[ante 20 June 1784]
Little my Dear Mrs. Dana did I think I should leave America without seeing you, but a slow fever, your absence and now a thousand thousand cares are like to deprive me of that pleasure. I must
therefore submit to biding you adieu in this way. I am going to embark very soon upon the mighty waters. Never did I think I could have been persuaded to such an undertakeing unaccompanied with Husband son or some near connection, but thus it is. Hope that springs Eternal in the Humane Breast, I pray may in some early day realize to me the promised blessing. You know the joy of meeting the long absent partner of your Heart without the personal dangers to which Your Friend may be exposed in search of that happiness.2
May your Seperations in future be of short duration and your happiness be as large as your wishes. Make my Respectfull Regards to Mr. Dana and tell him I was much dissapointed in not seeing him at Braintree. Let me hear of your welfare, and recollect that the daughter
; is bethrothed and that She must be called Harriet.3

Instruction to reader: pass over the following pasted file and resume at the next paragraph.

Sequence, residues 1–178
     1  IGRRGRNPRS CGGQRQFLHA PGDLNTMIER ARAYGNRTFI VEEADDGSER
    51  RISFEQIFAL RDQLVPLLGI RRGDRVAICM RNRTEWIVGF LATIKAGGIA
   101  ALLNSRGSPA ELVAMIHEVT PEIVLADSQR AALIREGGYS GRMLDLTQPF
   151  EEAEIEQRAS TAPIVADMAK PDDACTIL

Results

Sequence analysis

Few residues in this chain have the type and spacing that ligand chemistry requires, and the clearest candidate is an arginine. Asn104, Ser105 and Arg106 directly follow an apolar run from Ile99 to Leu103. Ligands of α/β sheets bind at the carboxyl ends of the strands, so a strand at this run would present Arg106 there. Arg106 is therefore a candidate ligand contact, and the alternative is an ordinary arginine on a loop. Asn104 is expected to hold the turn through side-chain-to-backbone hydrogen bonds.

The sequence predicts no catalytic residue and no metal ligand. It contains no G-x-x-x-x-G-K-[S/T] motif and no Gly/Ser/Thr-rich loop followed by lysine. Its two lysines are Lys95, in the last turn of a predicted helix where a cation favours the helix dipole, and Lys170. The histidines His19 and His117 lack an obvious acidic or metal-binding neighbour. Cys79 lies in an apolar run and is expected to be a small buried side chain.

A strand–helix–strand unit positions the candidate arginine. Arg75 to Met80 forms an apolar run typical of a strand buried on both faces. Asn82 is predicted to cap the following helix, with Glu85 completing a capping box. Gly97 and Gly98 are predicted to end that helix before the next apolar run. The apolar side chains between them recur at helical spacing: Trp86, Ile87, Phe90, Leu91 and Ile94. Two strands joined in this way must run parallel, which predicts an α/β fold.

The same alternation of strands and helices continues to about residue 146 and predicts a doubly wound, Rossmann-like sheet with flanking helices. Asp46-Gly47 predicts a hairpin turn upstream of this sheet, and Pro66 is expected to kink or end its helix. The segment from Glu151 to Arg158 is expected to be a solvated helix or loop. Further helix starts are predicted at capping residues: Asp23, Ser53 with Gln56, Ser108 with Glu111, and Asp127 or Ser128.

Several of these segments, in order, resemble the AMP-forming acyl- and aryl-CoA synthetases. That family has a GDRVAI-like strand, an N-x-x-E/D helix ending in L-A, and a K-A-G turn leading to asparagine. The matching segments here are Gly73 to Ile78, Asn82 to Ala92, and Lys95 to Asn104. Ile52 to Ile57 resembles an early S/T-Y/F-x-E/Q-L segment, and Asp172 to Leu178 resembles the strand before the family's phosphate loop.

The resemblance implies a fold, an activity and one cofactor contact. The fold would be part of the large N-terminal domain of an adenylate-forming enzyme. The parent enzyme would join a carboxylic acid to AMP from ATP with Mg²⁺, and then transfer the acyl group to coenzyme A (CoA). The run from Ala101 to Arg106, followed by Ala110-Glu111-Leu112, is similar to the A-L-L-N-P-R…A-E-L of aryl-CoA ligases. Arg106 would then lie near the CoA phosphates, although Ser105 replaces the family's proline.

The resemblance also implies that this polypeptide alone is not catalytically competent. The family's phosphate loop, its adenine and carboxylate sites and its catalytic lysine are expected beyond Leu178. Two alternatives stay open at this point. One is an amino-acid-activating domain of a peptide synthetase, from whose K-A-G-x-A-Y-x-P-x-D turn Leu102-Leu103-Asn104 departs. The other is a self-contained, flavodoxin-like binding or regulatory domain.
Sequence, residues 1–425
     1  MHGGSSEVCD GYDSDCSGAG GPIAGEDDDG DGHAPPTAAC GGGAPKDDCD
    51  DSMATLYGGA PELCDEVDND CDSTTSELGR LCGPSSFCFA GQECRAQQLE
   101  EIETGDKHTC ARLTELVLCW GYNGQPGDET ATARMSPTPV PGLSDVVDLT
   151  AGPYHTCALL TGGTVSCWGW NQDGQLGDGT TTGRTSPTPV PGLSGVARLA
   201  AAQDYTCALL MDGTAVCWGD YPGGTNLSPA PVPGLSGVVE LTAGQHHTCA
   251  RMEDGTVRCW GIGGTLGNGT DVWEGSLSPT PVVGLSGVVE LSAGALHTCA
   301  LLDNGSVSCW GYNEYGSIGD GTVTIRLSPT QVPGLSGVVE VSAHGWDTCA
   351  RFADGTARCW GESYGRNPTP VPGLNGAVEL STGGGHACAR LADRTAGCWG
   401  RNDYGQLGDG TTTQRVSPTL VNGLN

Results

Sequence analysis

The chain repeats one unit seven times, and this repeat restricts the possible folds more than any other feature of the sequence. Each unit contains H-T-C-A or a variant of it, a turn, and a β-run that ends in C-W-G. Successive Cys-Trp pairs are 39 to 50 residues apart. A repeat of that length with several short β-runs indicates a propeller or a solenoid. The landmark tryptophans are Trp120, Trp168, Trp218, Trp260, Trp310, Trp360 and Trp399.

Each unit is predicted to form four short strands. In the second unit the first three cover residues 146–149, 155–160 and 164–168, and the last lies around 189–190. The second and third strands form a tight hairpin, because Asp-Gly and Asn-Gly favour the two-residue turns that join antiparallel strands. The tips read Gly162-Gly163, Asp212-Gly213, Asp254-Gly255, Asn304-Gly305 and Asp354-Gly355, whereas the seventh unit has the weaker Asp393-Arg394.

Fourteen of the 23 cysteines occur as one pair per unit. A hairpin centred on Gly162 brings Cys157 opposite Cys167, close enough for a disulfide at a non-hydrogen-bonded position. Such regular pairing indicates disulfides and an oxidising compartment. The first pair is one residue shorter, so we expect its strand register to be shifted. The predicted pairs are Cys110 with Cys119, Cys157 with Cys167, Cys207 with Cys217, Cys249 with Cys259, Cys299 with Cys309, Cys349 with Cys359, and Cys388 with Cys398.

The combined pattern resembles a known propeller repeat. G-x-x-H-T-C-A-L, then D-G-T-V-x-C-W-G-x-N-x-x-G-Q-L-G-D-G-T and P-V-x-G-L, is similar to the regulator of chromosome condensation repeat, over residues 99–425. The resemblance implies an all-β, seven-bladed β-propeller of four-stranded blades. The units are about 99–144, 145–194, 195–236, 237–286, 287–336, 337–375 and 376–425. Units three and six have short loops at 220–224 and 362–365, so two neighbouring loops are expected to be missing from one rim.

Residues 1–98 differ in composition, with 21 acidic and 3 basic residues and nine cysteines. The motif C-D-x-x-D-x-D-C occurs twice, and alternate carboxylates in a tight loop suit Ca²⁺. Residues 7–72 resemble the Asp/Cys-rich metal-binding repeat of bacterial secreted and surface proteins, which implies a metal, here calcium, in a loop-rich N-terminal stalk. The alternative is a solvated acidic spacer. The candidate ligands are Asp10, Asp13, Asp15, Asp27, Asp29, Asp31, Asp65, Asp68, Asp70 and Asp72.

Make my Compliments to Your Brother and Sister,4
and accept my dear Madam the affectionate Regard of Your Friend
. docketed at the top, by CFA: “1784”; originally filed and filmed under the date of [ca. 15 June]
(Adams Papers, Microfilms
, Reel No. 363). At the bottom of the page AA wrote “serch,” followed by “search,” undoubtedly in an attempt to spell more accurately.
1. On 20 June, AA and AA2 departed from Boston for London on the Active, Capt. Nathaniel Byfield Lyde.
2. Francis Dana had returned to Elizabeth Ellery Dana from Europe on 12 Dec. 1783 (AA to JA, 7 Dec. 1783
, above, under “December 13”).
3. The daughter in this cryptic sentence refers to Elizabeth Dana's unborn child, whom AA evidently wished the Danas to name Harriet, if a daughter, and whom she apparently imagined as marrying one of her sons. Elizabeth Dana did in fact give birth to her first daughter on 29 Sept., but Francis Dana, writing to JA on 12 Dec. (Adams Papers
), explained that: “She is not named Hariot, as Mrs. Adams requested, but Martha Remington after our [Elizabeth's]
much esteemed late Aunt.” Martha Remington Dana married the painter Washington Allston (
, 8:318 [Oct. 1854]).
4. Elizabeth Ellery Dana, the eldest of seven children, had two brothers, William and Edmund Trowbridge, and three sisters, Lucy (wife of William Channing), Ann, and Almy (later married to William Stedman). She also had several quite young half-brothers and sisters (same, p. 318, 320).